Doing the above calculation will answer the important question: Did the financial value of the training results exceed the cost for the training programme? If there is a positive ROI, the training practitioner can clearly show the financial benefits of the training intervention. If not, he or she is in trouble!

The real challenge for training practitioners will be to determine the benefits of training. The costs are quite easy to calculate, it is simply a matter of adding up the different costs items such as design and development, facilitation, accommodation, equipment, distribution costs, loss in productivity etc. However, to determine the benefits is a different ball-game. It requires both a pre-training and post-training measurement. Once the appropriate measurements have been identified, the next step is to convert the particular measurement into a rand value. Examples of these measurement data are as follows:

While it is quite easy to determine the cost of training, the major challenge is to determine the benefits of training and to convert these benefits to a rand value. The important question to ask is whether there is an improvement as a result of the training. You will be able to determine these improvements if you use the above table as a guideline, or some of the examples below:

  • Reduced training time to master task skills

  • Reduced wastage

  • Improved quality of output (therefore reduced quality control costs, less wastage)

  • Increase in sales

  • Improved outputs of products and services

  • Lower accident rates

  • Reduced turnover of employees

  • Reduced absenteeism and labour unrest

  • Greater resource utilisation

Implementing an ROI exercise in a company is usually a major paradigm shift on the part of training practitioners. Most of them would previously have focused on reaction evaluation and learning evaluation. Very few would have done a behaviour evaluation, and there is even less chance that they would have done any ROI projects! In the light of this, it is important to follow guidelines for the effective implementation of an ROI exercise:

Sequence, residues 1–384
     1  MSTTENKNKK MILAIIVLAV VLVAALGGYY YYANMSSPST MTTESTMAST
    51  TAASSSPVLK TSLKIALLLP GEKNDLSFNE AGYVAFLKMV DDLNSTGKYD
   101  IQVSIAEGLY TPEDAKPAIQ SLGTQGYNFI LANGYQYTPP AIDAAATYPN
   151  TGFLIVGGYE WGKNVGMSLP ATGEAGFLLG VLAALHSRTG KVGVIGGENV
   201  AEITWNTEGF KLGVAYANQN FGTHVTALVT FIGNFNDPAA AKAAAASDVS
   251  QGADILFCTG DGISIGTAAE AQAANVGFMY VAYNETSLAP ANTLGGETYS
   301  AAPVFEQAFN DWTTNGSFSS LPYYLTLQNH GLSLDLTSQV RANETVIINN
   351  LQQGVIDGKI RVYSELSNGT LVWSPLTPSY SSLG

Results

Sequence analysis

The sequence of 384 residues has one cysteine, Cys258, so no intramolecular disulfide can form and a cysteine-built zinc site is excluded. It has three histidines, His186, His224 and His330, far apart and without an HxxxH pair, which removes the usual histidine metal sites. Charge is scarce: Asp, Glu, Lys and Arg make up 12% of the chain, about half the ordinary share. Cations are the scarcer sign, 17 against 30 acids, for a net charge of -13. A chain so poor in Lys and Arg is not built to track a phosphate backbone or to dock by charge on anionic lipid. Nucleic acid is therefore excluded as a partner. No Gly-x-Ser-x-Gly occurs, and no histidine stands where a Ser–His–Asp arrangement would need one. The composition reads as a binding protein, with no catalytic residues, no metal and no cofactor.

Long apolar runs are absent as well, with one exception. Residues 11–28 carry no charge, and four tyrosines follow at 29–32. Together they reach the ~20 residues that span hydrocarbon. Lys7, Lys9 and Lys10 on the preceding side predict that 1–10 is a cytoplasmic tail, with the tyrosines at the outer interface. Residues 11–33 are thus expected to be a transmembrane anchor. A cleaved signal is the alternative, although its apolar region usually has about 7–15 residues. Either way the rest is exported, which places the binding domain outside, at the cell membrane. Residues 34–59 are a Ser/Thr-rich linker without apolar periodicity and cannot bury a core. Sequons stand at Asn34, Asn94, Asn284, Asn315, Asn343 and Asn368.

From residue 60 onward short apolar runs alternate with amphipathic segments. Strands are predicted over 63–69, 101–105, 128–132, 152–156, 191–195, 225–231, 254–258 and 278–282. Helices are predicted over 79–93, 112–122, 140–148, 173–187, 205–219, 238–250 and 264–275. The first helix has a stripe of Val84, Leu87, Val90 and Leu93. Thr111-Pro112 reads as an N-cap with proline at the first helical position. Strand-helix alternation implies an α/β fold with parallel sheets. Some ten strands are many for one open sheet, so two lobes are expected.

• Build capacity for ROI by doing thorough research and benchmarking.

  • Train training staff to understand ROI.

  • Quantify information before the training in order to obtain a baseline (e.g. number of accidents, customer complaints, etc.).

  • Set specific targets for evaluation at all levels

  • Decide on specific measurements.

  • Allocate resources for ROI.

  • Develop a culture of measurement and accountability among training staff.

  • Start with only one course as a pilot programme to practise ROI skills.

  • Focus on individual programmes to simplify the process.

  • Communicate results to training staff and the whole organisation.

  • Celebrate ROI success stories in a very visible way.

  • Design improvement plans for training programmes in order to increase ROI.

  • Once ROI results are available, use the data to market future learning programmes.

To calculate ROI for training is much easier than you think. A simple process approach can be used as the one indicated earlier. What is important, is that training practitioners must commit themselves to collecting all the necessary data - information that can be measured. Once these results are available, companies will be able to determine the financial value of training. This process can assist them to make important decisions about various training interventions, such as the value of leadership development, internal vs external training, e-learning vs traditional training etc. ROI provides the training manager and skills development facilitator with an opportunity to measure what they do and to make better decisions based on facts and quantifiable information.


American Society for Training and Development:
ROI Online: